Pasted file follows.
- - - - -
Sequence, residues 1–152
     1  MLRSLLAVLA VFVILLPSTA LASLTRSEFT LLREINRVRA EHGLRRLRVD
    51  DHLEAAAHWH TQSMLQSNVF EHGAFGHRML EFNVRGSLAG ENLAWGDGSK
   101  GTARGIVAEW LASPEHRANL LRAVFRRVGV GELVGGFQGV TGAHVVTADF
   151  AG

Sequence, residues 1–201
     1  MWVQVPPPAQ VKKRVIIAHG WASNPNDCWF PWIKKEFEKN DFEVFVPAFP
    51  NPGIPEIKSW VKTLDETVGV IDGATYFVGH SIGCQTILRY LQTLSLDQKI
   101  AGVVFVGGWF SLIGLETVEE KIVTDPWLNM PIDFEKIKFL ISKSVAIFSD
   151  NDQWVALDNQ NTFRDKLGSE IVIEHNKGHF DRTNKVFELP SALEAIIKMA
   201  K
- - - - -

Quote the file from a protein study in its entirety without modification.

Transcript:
Sequence, residues 1–152
     1  MLRSLLAVLA VFVILLPSTA LASLTRSEFT LLREINRVRA EHGLRRLRVD
    51  DHLEAAAHWH TQSMLQSNVF EHGAFGHRML EFNVRGSLAG ENLAWGDGSK
   101  GTARGIVAEW LASPEHRANL LRAVFRRVGV GELVGGFQGV TGAHVVTADF
   151  AG

Sequence, residues 1–201
     1  MWVQVPPPAQ VKKRVIIAHG WASNPNDCWF PWIKKEFEKN DFEVFVPAFP
    51  NPGIPEIKSW VKTLDETVGV IDGATYFVGH SIGCQTILRY LQTLSLDQKI
   101  AGVVFVGGWF SLIGLETVEE KIVTDPWLNM PIDFEKIKFL ISKSVAIFSD
   151  NDQWVALDNQ NTFRDKLGSE IVIEHNKGHF DRTNKVFELP SALEAIIKMA
   201  K